(Reuters) - General Electric Co (GE.N) plans to unveil on Thursday a new push into service businesses, with a series of programs to help airlines, railroads and hospitals that use its heavy equipment operate more efficiently.
The drive is part of the largest U.S. conglomerate’s effort to boost its margins and make more money in a sluggish economy, as sales of services are more profitable equipment than sales of jet engines, locomotives and other equipment.
GE’s pitch is that by tweaking how they operate, its customers can cut their own costs. For example, a 1 percent cut in the amount of fuel the global aviation industry uses could generate $30 billion in total savings, GE estimates.
Investors said the company’s service business has been more stable in uneven economic times than equipment sales. Last year GE’s service business, including maintenance to its products, generated $42 billion in revenue, approached half GE’s industrial sales.
“Given the environment, some of the uncertainties, etc., services is an area that plays for the long term because of the...ongoing desire from customers for new levels of productivity,” said Steve Bolze, the chief executive officer of GE’s power and water business, who is also heading up the company’s services push.
The company is developing software systems that analyze data on how its turbines and other equipment are used to find ways to run them more efficiently and at lower cost, Bolze said. It plans to discuss them at an event in San Francisco on Thursday.
GE said it has lined up customers for its new services including: U.S. railroad Norfolk Southern Corp (NSC.N), low-cost carrier AirAsia Bhd (AIRA.KL) and drug and medical device maker Abbott Laboratories (ABT.N)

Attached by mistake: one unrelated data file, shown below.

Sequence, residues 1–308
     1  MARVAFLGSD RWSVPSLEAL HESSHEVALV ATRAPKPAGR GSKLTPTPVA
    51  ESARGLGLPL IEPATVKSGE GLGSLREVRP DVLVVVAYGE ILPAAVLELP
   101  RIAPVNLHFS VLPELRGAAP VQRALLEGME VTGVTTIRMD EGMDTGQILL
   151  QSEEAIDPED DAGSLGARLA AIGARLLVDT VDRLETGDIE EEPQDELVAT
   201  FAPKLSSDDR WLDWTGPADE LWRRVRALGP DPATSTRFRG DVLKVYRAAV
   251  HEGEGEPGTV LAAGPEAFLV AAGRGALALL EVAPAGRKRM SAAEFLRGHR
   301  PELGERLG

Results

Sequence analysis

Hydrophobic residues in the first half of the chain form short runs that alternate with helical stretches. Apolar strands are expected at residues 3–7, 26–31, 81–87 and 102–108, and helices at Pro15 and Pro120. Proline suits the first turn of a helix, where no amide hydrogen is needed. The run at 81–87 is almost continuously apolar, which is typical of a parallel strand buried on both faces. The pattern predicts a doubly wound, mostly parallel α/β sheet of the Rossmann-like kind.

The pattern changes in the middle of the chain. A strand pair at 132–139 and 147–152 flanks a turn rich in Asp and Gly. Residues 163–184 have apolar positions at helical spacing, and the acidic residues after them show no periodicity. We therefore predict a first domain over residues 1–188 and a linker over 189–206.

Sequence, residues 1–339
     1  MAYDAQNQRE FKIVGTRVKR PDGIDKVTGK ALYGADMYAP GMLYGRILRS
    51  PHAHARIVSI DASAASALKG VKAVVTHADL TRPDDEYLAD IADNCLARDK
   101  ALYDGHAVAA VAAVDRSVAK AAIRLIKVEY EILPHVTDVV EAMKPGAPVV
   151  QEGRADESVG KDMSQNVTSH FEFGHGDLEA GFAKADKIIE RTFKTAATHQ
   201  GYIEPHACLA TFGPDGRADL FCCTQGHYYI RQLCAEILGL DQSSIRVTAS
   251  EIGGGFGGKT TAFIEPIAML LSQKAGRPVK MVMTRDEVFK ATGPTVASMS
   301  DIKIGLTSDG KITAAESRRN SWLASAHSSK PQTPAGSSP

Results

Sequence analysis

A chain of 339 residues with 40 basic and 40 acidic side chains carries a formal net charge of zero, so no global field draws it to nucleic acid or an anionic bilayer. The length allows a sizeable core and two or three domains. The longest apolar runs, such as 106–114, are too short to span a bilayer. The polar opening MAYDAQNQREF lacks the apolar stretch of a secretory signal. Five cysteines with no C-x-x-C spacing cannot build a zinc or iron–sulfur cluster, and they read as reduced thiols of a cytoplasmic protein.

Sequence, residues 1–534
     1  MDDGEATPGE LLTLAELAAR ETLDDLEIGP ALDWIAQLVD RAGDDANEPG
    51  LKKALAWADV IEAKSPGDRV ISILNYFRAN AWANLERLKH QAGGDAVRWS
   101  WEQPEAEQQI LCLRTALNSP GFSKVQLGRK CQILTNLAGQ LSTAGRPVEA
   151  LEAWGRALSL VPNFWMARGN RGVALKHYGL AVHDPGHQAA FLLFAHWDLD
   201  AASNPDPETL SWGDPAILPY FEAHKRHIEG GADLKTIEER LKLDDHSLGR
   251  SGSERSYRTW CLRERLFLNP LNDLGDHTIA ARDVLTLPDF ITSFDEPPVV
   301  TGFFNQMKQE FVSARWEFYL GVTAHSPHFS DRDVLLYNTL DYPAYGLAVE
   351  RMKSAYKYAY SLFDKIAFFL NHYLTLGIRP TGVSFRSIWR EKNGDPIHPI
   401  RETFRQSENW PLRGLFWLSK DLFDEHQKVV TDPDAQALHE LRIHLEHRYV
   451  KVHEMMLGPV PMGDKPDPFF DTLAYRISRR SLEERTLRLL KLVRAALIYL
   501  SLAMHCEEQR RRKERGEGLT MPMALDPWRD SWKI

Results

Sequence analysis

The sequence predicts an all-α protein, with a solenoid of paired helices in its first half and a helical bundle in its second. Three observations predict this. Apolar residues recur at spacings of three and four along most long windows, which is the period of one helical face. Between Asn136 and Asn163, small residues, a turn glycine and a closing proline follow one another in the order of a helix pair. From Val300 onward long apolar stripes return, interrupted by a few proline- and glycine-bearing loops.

The drive is part of Chief Executive Jeff Immelt’s push to raise GE’s profit margins by 0.5 percent to 0.7 percent of sales next year, a rise investors expect would propel the company’s industrial operating profit to about 16 percent of sales, up from 14.9 percent in 2011.
“Growing margins into the future is a big credibility point for the leadership team and one we take seriously,” Immelt told investors at a September meeting held at the company’s training campus in Crotonville, New York.
GE also said at the meeting that it expects services revenue to grow by 5 percent to 10 percent a year over the next few years, reaching $50 billion to $60 billion by 2015, with the service backlog forecast to rise to $175 billion from $153 billion at the end of the third quarter.
During the 2007-2009 recession, service contracts played an important stabilizing role in sales at GE and peers including United Technologies Corp (UTX.N), analysts noted.
“Increasing exposure to strong incremental margin businesses like services can help the company reach its margin targets in an environment where you may not get the same kind of manufacturing productivity leverage that you have in a higher-growth environment,” said Daniel Holland, an analyst at Morningstar in Chicago who covers GE.
Fairfield, Connecticut-based GE has been ramping up its software focus since last year, when it hired former Cisco Systems Inc (CSCO.O) executive Bill Ruh to build a data-analytics center in San Ramon, California.
Reporting by Scott Malone in Boston; Editing by Leslie Gevirtz